The fire burned directly over the site, but firefighters were able to protect the monument from destruction by clearing brush and trees, spraying fire retardant, and wrapping the heritage tree and other parts of the site in fire-resistant material.
Because the weather conditions are creating fire instability, safety officials have asked residents of the area to check evacuation maps regularly for the latest information. See more information on evacuation level increases announced early Sunday morning.
Residents living to the north and east of the fire should also expect significant smoke Sunday as winds push polluted air in those directions. Bruler Fire: The Bruler Fire in central Oregon has remained at 156 acres over the past few days since cooler temperatures, light winds and higher humidity helped firefighters by reducing fire activity, according to a Sunday morning statement from incident commander Brian Gales.
Some areas of Forest Service lands south of Detroit Lake, west of Highway 22 and north of Highway 20 remain closed as of Tuesday with some Wallowa County residents opting to stay behind and protect their homes, even as the Elbow Creek Fire has prompted Level 3 “Go Now” evacuation notices.
The Elbow Creek fire is burning around 10,940 acres along the Grand Ronde River basin, southeast of Walla Walla, Washington. The fire spread quickly after being ignited Thursday. Sheriff’s office officials told the Wallowa County Chieftain that a small number of residents have opted to stay behind and build protections around their homes rather than leave under an evacuation order. “There were a couple of people who did leave and there’s some staying,” Wallow County emergency services director Paul Karvoski told the paper. “Most of them aren’t even there, so you’ve maybe got only two or three homes up there with people actually in them.” The Elbow Creek Fire was around 10% contained as of Sunday morning, and threatens around 156 residences.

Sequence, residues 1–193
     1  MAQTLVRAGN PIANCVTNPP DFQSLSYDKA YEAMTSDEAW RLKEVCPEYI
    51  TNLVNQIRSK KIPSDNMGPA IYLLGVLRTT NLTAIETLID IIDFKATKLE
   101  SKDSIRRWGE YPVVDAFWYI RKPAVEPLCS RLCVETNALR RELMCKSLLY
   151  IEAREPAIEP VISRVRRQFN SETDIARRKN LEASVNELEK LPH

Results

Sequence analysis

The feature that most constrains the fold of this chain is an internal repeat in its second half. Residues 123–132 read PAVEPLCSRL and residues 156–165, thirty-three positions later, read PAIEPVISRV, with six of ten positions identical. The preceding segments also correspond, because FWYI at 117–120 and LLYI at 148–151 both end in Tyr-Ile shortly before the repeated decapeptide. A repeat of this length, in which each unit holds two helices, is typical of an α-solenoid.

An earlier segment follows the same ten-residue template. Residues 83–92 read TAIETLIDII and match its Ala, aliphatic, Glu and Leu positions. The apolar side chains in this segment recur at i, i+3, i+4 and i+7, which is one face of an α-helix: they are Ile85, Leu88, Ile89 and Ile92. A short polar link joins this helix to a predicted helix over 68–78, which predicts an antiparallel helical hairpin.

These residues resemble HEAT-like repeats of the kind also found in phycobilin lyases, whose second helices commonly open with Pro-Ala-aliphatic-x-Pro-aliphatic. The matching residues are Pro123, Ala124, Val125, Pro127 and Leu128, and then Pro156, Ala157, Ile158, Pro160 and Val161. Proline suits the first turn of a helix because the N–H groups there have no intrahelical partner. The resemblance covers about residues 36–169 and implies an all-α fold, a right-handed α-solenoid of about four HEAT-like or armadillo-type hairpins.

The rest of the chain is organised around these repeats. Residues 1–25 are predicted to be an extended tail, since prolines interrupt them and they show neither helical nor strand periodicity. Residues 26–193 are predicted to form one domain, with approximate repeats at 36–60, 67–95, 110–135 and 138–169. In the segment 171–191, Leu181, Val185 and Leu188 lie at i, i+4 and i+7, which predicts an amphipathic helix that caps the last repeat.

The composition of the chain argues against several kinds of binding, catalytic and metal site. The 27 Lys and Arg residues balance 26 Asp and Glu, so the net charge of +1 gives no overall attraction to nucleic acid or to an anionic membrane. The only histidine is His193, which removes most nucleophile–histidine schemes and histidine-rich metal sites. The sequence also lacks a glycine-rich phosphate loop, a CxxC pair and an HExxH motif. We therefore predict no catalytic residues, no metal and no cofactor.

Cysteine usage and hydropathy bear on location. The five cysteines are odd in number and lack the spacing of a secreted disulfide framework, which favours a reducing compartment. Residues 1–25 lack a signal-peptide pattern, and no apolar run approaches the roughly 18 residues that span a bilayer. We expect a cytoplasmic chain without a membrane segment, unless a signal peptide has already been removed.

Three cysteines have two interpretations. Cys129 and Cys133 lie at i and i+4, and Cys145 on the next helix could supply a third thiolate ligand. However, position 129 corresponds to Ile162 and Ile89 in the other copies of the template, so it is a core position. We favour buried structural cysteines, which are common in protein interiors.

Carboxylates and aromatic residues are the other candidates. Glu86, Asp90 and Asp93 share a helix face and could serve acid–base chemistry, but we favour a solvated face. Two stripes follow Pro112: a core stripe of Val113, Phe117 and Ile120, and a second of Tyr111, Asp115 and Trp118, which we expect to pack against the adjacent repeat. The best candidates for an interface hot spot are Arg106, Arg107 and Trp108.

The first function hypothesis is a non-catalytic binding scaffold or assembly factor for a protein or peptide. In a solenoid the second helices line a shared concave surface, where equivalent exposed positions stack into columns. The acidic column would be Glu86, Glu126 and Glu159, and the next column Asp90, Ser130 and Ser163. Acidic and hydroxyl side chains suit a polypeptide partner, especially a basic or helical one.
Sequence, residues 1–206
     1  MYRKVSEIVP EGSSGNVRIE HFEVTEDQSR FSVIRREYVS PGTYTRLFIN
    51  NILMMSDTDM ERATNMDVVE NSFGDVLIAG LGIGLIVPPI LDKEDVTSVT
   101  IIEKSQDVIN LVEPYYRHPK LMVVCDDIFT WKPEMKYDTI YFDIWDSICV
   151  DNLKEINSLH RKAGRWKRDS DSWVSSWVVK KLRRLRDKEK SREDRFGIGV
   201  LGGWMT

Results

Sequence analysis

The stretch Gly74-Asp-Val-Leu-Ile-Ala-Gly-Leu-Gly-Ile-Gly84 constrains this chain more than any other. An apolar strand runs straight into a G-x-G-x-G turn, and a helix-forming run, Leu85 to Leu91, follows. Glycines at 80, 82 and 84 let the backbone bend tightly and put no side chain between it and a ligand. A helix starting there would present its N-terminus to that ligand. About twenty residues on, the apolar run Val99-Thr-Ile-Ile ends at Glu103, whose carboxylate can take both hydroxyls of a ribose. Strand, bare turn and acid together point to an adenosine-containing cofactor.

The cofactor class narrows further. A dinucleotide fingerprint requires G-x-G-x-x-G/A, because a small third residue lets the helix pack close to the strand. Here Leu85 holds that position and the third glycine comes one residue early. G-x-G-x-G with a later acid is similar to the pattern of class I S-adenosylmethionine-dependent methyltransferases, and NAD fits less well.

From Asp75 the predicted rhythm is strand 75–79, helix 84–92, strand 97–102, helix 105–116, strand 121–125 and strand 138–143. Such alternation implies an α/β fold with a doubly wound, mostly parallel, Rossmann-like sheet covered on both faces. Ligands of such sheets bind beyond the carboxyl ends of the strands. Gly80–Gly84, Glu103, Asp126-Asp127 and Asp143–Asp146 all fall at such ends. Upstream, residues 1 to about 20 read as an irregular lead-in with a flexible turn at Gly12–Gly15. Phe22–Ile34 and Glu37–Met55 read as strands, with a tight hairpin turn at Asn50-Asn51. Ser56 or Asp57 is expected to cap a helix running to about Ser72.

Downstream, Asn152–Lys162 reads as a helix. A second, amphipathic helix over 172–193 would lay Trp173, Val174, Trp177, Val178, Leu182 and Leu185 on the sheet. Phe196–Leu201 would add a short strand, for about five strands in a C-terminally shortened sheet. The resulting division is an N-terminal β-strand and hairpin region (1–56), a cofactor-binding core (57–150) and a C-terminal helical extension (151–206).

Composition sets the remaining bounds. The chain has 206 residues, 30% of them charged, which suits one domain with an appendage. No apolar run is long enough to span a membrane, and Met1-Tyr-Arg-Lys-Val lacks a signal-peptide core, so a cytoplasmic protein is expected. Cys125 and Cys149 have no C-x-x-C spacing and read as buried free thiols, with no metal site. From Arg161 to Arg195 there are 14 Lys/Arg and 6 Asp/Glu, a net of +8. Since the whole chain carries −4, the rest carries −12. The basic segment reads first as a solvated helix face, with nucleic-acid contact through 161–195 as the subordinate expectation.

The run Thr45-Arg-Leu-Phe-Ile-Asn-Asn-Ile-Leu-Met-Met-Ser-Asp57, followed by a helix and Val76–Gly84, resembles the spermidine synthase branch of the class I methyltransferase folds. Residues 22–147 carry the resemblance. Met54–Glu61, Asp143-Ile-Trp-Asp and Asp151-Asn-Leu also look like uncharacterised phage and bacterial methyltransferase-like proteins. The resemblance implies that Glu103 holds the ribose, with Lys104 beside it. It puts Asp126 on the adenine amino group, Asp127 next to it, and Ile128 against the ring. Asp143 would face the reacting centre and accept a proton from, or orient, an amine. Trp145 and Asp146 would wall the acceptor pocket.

Large portions of the West remain under the threat of fire conditions Tuesday, with approximately 3.5 million residents under red flag warnings, according to the National Weather Service Weather Prediction Center. A red flag warning means "critical fire weather conditions are either occurring now, or will shortly," the prediction center said. Excessive heat warnings will continue for more than 337,000 people, and nearly 650,000 more are under a heat advisory.
Temperatures in the region will remain up to 10 degrees above normal over the next 48 hours, CNN Meteorologist Michael Guy said. There's also a chance of dry storms, which lack the precipitation that is desperately needed to help calm the flames. While some sporadic rain is possible across the Intermountain West, "this is not really going to do much in the way of fighting any of the wildfires out West," Guy said. "Some rain may fall from afternoon storms, but it not be enough to stop or put out the fires that are ongoing," he said.